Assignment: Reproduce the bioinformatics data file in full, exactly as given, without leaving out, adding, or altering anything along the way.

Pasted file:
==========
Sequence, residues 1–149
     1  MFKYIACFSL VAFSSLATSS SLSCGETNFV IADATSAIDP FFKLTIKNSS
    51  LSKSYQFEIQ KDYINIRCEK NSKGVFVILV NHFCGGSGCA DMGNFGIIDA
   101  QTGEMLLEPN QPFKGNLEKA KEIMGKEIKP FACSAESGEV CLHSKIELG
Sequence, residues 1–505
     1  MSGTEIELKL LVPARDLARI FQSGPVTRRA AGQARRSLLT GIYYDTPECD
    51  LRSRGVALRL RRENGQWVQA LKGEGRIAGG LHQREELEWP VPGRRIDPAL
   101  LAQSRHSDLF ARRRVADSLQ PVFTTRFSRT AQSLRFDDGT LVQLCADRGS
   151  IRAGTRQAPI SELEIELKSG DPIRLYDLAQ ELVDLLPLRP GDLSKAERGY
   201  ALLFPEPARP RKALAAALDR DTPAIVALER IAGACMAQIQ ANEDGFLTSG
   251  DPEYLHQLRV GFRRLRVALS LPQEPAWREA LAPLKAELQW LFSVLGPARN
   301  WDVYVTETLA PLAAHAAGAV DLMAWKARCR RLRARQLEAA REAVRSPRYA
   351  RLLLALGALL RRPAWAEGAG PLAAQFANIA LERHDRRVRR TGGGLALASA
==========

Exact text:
Sequence, residues 1–149
     1  MFKYIACFSL VAFSSLATSS SLSCGETNFV IADATSAIDP FFKLTIKNSS
    51  LSKSYQFEIQ KDYINIRCEK NSKGVFVILV NHFCGGSGCA DMGNFGIIDA
   101  QTGEMLLEPN QPFKGNLEKA KEIMGKEIKP FACSAESGEV CLHSKIELG
Sequence, residues 1–505
     1  MSGTEIELKL LVPARDLARI FQSGPVTRRA AGQARRSLLT GIYYDTPECD
    51  LRSRGVALRL RRENGQWVQA LKGEGRIAGG LHQREELEWP VPGRRIDPAL
   101  LAQSRHSDLF ARRRVADSLQ PVFTTRFSRT AQSLRFDDGT LVQLCADRGS
   151  IRAGTRQAPI SELEIELKSG DPIRLYDLAQ ELVDLLPLRP GDLSKAERGY
   201  ALLFPEPARP RKALAAALDR DTPAIVALER IAGACMAQIQ ANEDGFLTSG
   251  DPEYLHQLRV GFRRLRVALS LPQEPAWREA LAPLKAELQW LFSVLGPARN
   301  WDVYVTETLA PLAAHAAGAV DLMAWKARCR RLRARQLEAA REAVRSPRYA
   351  RLLLALGALL RRPAWAEGAG PLAAQFANIA LERHDRRVRR TGGGLALASA